To Verify or Not?

In the world of emergency ambulance transportation, we oftentimes find it hard to verify if a patient has insurance coverage at the time of treatment. Our clinician’s top priority is patient care, often leaving  responsibility for verifying insurance on the billing office.

Based on my experience, there are three things to carefully consider when creating an efficient verification process for your organization:

  1. Based upon demographic information, you can sort accounts into ‘buckets’ fairly quickly based upon several factors, such as: the age of the patient, zip code, accident or injury claims, and even employer information. This will help your verification teams to target certain payers such as Medicare, Medicaid and particular commercial payers based upon this demographic information.
  2. There are several vendors or internal procedures that you can deploy to automate the verification process without manual verification. This strategy will assist in decreasing your days to bill along with you FTE count by allowing your billing office to focus your human resources on back end processes, such as appeals and challenging improper payments. As an example, let’s say you have Medicare information, but have not verified it for accuracy. Instead of manually calling the insurance company or checking it via the website, why not just submit the claim? If the information is not accurate, the claim will reject on 1st edit. This notification is usually provided same day of submittal (or the very next day). If the information is correct, it will process through the system, and you avoided the manual verification process, thus saving your resources for those accounts that require manual intervention.
  3. Not all employees are created equal. Some employees are better at researching and investigating than others will be. These are the individuals you want in your verification process for the accounts that need manual intervention. Focus your resources accordingly and you will be pleasantly surprised how you can increase your revenue per patient and decrease your cost per patient.

For non-emergency ambulance transportation, I strongly encourage you to set up a verification process prior to transport to determine coverage. This is not only a benefit for your service, but for the patient you serve. A patient should never be surprised during the billing process if it is within your control to notify them prior to transportation.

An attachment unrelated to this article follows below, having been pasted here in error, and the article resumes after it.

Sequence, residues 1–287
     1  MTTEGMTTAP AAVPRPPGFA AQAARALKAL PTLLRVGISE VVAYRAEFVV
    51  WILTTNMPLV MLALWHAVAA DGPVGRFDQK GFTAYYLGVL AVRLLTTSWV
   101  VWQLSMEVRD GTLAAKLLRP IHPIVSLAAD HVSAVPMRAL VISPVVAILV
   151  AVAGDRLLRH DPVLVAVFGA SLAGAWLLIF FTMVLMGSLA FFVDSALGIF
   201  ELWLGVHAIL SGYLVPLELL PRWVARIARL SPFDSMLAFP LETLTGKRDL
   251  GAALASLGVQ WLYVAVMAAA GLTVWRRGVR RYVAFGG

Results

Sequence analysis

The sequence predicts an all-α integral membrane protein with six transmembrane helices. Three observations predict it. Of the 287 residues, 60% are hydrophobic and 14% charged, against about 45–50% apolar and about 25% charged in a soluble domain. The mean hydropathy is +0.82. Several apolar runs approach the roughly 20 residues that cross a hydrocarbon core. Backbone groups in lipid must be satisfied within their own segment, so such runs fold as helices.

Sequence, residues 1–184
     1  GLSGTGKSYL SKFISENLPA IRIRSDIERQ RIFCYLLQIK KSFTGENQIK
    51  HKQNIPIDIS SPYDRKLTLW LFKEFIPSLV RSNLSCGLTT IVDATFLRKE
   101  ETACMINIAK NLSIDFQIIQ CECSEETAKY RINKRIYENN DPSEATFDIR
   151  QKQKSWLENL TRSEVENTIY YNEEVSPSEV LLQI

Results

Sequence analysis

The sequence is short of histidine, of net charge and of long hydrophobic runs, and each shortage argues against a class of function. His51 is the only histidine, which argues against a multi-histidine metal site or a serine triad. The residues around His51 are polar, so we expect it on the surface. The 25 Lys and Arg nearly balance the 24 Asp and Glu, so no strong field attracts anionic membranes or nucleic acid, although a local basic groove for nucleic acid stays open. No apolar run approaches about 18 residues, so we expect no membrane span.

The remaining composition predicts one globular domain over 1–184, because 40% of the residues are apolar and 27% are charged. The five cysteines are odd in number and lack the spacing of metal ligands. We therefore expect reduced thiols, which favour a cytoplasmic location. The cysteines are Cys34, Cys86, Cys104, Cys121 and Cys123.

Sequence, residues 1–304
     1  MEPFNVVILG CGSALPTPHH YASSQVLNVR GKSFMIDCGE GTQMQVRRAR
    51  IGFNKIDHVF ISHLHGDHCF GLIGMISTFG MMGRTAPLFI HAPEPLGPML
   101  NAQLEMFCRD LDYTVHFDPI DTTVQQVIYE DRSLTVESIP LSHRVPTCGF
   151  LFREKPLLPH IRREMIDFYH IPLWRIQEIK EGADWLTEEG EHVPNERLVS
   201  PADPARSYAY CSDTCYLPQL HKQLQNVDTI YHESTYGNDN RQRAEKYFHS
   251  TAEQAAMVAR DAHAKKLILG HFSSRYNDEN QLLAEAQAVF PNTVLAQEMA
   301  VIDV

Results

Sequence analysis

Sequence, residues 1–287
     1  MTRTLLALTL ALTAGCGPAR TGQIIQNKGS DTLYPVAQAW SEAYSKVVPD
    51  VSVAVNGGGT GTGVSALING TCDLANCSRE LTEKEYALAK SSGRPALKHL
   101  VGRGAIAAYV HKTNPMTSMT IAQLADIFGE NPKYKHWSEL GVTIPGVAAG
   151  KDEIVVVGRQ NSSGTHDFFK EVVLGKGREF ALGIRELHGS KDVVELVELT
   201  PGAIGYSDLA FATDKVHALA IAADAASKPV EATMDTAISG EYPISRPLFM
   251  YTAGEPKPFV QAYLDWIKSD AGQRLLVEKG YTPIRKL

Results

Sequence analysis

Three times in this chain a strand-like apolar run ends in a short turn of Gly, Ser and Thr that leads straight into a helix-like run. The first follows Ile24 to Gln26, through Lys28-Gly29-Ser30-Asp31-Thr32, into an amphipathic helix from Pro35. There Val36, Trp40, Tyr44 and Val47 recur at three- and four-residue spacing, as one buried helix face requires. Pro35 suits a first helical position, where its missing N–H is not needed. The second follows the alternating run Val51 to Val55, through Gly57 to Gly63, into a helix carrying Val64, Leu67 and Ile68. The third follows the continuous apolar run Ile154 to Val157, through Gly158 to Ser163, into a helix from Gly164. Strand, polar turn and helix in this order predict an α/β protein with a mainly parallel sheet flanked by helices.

Remember, Prioritize. Automate. Focus. What we are intentional about we will accomplish.

Are You Using an Original or a Copy Cat?


There is definitely a difference. While an original thought or idea executed can be replicated, it is oftentimes not able to be exactly duplicated. Why is that? The duplicated idea typically has “bugs” or flaws not seen to the designers that are replicating an original. However, the original owner always knows where the flaws are and the flaws matter. This is exactly why it is important that managers of revenue cycle understand the difference when working with vendors who can assist them with perfecting their revenue cycle management.

Research is key when using vendor solutions to augment processes within your RCM systems. My team has worked with me long enough to know to never pitch an idea to me without thorough research. This research includes investigating the marketplace for similar ideas and conducting a thorough cost benefit analysis. The reason why I want them to investigate the market place for similar ideas is to get an understanding around who is an original or who is a copy cat. It is easy to copy but hard to be an original. An original is more invested in the product marketed than the copy cat. If I am looking for a solutions oriented company, I always defer to someone who is an original in their field because copy cats, by their very nature, define themselves as unoriginal. A copy cat will do if I am looking for standard product delivery.

While I understand there may be some that agree or disagree with the premise of this blog, I encourage you to think about it and how this impacts your everyday management of revenue cycle before dismissing this as not applicable. How many times have you switched vendors because they were not able to provide you with Best in Class service? Or, better yet, you dismissed them because there was another company that provided the same exact service?

Is it possible that you were looking for an “original”?

The Evolution of Self-Pay Management

Capturing More Revenue